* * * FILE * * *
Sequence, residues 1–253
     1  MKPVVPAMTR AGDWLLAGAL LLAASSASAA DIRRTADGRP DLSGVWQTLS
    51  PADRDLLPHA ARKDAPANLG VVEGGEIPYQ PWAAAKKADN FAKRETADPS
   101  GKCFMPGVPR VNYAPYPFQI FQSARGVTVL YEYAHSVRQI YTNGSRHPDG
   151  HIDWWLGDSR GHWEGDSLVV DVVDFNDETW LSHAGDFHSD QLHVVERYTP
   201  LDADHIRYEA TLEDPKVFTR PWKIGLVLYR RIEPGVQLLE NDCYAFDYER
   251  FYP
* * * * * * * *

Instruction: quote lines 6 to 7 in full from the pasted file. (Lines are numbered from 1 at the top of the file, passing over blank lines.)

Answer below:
   201  LDADHIRYEA TLEDPKVFTR PWKIGLVLYR RIEPGVQLLE NDCYAFDYER
   251  FYP